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Regulation Matters 2022 - Issue 1, May

Message from the Registrar & Executive Director

Developing the right touch as a regulator after two years of COVID-19

ONTARIO recently passed the second anniversary of an unfortunate milestone, one that has marked a prolonged period of significant disruption in all our lives. We have lived with rolling lockdowns, pandemic restrictions, and surges of COVID-19 and its variants ever since the provincial government declared its first state of emergency in March 2020. The past two years have been challenging for dietitians, filled with days of uncertainty, stress and even personal loss.

 
Each of you has a pandemic story to tell. Perhaps you were redeployed to another unit, where your skill set and competencies were needed in an unfamiliar setting, due to rescheduling or critical staffing shortages. Perhaps you were doing contact tracing, screening or temperature checks to reduce the demand on our health care system. Perhaps you took on multiple roles in long-term care to ensure that residents continued to receive the care they deserve.
 
You went where you were needed because you are caring, collaborative and conscientious health professionals. You may have arrived at work each day without knowing where your skills would be required. You may have moved to virtual practice — or entirely reinvented your private practice — due to the impact of restrictions and lockdowns. You did all these things and more while balancing your safety and that of others.
 
We applaud the tremendous contribution of dietitians to society during the pandemic, and the sacrifice that dietitians continue to make in delivering safe, competent and ethical dietetic services.
 
As the new Registrar and Executive Director of the College of Dietitians of Ontario, I have asked myself what the College can do, as a provincial regulator of health care professionals, to recognize the realities of pandemic workplace demands while fulfilling our duties under our governing legislation. When I joined the College in October 2021, I was impressed by the efforts of College staff to meet the needs of members by providing pandemic-related resources, individualized service from our practice advisory team, and modifications to practice and renewal policies.
 
I want to continue that momentum through the lens of right touch regulation. Think of “right touch” as finding perfect balance on a set of scales, through which the right amount of regulation is exactly what is needed within a profession to achieve the desired effect. Too little is ineffective. Too much can be onerous — a burden on membership and wasteful of College resources. In recognition of the ongoing uncertainty and staffing crisis related to the pandemic, for example, the College postponed spring Peer and Practice Assessments until later this year.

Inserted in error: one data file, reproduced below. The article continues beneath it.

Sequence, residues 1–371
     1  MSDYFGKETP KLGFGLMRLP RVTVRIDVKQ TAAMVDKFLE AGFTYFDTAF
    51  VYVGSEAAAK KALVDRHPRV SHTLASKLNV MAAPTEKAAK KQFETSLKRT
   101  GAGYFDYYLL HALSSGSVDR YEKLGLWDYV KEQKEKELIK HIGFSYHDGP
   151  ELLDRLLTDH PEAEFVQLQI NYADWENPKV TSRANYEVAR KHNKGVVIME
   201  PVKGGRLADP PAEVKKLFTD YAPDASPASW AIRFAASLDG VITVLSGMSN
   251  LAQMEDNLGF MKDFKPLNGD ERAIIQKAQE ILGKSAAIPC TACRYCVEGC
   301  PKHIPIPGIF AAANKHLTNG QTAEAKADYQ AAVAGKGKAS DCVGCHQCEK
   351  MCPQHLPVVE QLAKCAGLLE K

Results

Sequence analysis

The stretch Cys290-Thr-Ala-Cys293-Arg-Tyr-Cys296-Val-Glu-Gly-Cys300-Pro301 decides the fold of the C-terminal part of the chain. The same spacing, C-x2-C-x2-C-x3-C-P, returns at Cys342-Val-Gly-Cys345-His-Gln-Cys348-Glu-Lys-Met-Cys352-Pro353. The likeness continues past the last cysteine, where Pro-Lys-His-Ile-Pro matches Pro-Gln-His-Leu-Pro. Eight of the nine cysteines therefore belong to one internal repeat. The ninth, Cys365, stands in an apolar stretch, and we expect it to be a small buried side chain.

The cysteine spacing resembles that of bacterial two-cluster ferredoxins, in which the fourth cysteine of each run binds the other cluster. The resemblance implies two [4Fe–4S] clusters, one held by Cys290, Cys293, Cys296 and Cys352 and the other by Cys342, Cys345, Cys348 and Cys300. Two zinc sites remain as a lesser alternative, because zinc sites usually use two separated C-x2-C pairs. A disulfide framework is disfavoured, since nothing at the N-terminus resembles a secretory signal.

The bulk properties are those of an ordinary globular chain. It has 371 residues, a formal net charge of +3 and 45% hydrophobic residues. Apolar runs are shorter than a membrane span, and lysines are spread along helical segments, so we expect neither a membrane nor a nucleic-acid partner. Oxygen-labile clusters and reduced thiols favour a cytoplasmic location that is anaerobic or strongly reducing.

To form the foundation for the year ahead, we have implemented a number of strategies that support the goals of the College’s 2020-2024 Strategic Plan, which will enhance our services and align with our legislated mandate as a professional regulator. The College is also taking action on Equity, Diversity and Inclusion (EDI), and has created a webpage for members to follow our progress. In addition, we recently submitted the annual College Performance Measurement Framework — a mandatory reporting tool that maps the College’s progress on regulatory standards — to the province for review.
 
I’m excited about the future of the College of Dietitians of Ontario, and I would like to thank Council, staff and members for your support. The past two years have been a real challenge. And yet, perhaps the pandemic has shown us a new way to look at regulation, one which respects the professional realities of members, while fulfilling our role as a regulator under provincial legislation. Developing the right touch as a regulator after two years of COVID-19 is a worthy mission and I look forward to all its possibilities.
 
Melanie Woodbeck, MPA
Registrar & Executive Director
College of Dietitians of Ontario